Clarence King was a member of Brewer's expedition, and upon seeing the higher peaks in the distance, convinced Brewer to let him try and climb them. This is his account of the attempt, as well as numerous other adventures and misadventures. King writes in a much more adventure-oriented style than Brewer, which detracts in my opinion fom the story he is trying to tell, but it is a worthwhile complement to the basic story told by Brewer.
of the Angeles : 100 Hikes in the San Gabriels
by John W. Robinson
This book is the best source for trail information for the San Gabriels. Pretty much every marked and unmarkde trail is described here. It also describes some of the rich histroy of these mountains surrounding Los Angeles.
Bernardino Mountain Trails : 100 Wilderness Hikes in Southern California
by John W. Robinson
A companion to Trailsof the Angeles, this book covers the San Bernadinos. Because they are farther for LosAngeles, there seems to be fewer people and more of a feeling of wilderness here. This book is the best guide to these mountains.
Divide Peak (High Sierra Hiking Guide)
by Andrew Selters, Andy Selters
This book, one of a series of pocket-sized guides to the Seirras, comes with a handy map with the trails marked. All of the main trails are covered, along with some of the more accessible off-trail routes. The books in this series helped me to realize that I could make my own routes through the mountains, rather than be limited to the trails. I have gone through a couple of editions of these books: the maps have improved but in some cases off-trail routes have been dropped in subsequent editions.
King (High Sierra Hiking Guide)
by Ron Felzer, Marian Mayeda (Illustrator)
Another in the hiking guide series, this book covers the Mineral King area south of the Triple Divied Peak book. Although the guides have different authors, they generally conform to same outline and generally offer similar levels of detail.
Sierra Hiking Guide to Mt Whitney : The Peak and Surrounding Highlands
by Thomas Winnett, Don Denison (Illustrator)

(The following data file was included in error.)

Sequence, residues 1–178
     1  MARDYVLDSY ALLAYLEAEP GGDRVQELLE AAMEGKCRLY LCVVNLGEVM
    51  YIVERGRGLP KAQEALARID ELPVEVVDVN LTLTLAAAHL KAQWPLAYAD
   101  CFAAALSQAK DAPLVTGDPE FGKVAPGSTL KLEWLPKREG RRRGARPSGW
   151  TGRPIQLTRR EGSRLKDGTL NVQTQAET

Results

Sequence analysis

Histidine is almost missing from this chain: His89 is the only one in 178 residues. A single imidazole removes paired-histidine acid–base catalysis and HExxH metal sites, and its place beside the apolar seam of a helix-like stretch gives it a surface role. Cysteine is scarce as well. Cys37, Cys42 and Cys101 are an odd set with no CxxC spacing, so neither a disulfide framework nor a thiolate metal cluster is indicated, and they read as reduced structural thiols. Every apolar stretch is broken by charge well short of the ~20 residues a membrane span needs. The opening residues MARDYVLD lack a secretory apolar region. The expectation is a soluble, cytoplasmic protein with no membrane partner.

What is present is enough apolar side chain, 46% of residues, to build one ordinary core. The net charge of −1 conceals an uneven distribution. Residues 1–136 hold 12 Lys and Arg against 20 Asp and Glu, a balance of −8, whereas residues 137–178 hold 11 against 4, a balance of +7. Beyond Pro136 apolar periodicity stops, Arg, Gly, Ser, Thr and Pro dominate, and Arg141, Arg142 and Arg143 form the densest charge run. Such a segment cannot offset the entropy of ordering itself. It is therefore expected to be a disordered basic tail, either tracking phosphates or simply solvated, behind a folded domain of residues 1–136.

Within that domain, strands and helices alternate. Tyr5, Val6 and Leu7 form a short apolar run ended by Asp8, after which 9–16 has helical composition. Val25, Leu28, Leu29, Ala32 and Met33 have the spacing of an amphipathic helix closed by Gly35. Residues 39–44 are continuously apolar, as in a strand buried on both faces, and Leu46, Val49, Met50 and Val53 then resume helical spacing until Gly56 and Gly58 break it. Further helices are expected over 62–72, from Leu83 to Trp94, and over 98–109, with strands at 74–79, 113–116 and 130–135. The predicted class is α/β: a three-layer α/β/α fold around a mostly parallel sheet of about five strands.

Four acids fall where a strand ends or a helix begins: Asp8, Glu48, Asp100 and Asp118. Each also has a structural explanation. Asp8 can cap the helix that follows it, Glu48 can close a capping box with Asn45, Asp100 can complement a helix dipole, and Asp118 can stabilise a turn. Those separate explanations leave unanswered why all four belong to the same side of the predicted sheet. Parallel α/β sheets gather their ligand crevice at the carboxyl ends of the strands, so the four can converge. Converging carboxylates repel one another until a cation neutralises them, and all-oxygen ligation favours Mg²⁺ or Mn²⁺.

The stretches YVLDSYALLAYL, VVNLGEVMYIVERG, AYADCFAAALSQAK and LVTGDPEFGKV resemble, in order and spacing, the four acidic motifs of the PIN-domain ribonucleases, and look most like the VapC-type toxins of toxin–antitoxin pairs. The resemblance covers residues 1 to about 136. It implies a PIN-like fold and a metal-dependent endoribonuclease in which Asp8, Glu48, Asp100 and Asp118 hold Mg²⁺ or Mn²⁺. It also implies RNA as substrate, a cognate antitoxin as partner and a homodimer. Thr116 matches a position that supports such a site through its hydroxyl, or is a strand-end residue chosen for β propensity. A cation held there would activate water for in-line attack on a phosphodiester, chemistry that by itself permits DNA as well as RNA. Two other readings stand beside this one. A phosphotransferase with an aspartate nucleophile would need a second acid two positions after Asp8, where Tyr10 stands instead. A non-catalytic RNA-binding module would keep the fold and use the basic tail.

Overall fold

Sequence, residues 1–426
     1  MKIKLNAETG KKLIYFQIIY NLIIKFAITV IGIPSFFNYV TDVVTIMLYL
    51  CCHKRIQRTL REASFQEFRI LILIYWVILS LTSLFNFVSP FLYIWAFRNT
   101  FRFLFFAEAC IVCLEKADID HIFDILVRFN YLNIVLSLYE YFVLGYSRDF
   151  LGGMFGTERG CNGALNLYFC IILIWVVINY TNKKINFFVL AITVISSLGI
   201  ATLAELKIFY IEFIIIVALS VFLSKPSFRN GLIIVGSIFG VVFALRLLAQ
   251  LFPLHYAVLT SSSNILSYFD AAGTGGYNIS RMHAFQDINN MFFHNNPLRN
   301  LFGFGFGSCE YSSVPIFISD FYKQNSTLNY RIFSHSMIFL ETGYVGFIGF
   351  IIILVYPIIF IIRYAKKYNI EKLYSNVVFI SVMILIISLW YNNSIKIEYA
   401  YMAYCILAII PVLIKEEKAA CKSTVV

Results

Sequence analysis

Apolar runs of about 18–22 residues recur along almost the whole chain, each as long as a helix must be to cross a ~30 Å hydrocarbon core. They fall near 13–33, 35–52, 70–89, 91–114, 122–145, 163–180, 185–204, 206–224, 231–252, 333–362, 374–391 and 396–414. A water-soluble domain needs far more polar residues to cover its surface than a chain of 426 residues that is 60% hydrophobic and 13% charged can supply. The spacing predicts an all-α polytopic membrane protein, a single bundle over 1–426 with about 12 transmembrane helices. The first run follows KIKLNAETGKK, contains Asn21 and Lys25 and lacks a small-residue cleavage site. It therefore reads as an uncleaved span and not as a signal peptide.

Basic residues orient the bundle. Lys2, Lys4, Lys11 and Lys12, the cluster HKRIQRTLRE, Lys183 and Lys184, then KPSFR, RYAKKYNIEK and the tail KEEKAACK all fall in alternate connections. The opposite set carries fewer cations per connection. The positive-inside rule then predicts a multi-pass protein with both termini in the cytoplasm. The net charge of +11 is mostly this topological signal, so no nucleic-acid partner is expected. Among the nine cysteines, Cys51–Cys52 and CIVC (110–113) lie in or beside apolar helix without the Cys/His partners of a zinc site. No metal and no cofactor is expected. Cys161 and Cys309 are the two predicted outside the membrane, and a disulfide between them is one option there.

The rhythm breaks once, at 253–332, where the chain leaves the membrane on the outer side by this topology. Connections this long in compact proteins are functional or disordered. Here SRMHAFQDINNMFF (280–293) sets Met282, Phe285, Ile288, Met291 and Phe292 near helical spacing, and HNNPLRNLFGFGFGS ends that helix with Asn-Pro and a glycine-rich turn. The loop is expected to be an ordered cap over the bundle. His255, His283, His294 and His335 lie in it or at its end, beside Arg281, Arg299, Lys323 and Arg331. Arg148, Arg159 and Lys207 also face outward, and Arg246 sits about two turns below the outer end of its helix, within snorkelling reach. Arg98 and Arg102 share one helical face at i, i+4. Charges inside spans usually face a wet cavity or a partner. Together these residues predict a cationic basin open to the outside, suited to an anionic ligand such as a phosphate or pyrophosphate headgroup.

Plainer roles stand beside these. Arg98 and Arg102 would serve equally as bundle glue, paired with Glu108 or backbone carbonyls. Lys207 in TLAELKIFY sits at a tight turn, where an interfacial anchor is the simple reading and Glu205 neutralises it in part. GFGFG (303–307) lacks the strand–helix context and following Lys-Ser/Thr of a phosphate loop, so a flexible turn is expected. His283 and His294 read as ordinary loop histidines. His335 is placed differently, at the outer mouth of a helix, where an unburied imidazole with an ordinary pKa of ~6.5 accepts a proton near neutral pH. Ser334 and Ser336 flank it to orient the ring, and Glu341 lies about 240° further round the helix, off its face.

This volume covers the area to the east of Triple Divied Peak.
Peak (High Sierra Hiking Guide)
by Bob and Margaret Pierce
This volume covers the Cedar Grove area, to the north of Triple Divide Peak.
by John W. Robinson
The farthest northeast of the trail guides of the Southern Sierra.
of the San Gabriels
by John W. Robinson
This pamphlet describes the mining history of the mountains surrounding Los Angeles. Many of these can be explored even today.
|Mines of the San Bernadinos
John W. Robinson
A companion to Mines of the San Gabriels, this pamphlet is sadly out of print.
Lowe : The Railway in the Clouds
by Charles Seims
Mount Lowe looms over Pasadena, affording a spectacular view of the enite LA basin. Around the turn of the century, a railway of sorts was built to a resrt on the mountain. This book tells the story of this exploit, and of other objects of historical interest in the adjacent area.
Mt Lowe is a pleasant dayhike from the edge of Pasadena. If you know where to look, you can still see the remains of the railway and the resort.
Gabriels : Southern California Mountain Country
by John W Robinson
This book tells the story of the "golden age of hiking" before Disney World and other manufactured fun. People flocked to the mountains, walking and riding to resorts of all kinds. This area has never been as popular since the invention of the car and the changes it has brought about. You can see the remains of many of these popular tourist attractions today. If you like exploring, this will give you something to look for when you hike in the San Gabriels.
by Walt Wheelock
Complete Walker III : The Joys and Techniques of Hiking and Backpacking
by Colin Fletcher
The most informative and the most literate of the general hiking guides. It is a joy to read Colin Fletcher's common-sense philosophy and advice. Even if you do not agree with his advice, he shows how to think about an issue so that you can reach the conclusion, that is right for you and your circumstances.
: The Freedom of the Hills
by Don Graydon (Editor), Kurt Hanson (Editor), Mountaineers(Society)
The best book covering the technical aspects of mountain climbing. I do not practice technical climbing, and I would seek personal instruction if I were to, but it is useful to know something about rope, the use of an ice axe, and other advanced topics. Everyone should be familiar with these matters, if only to know when they are getting in over their head.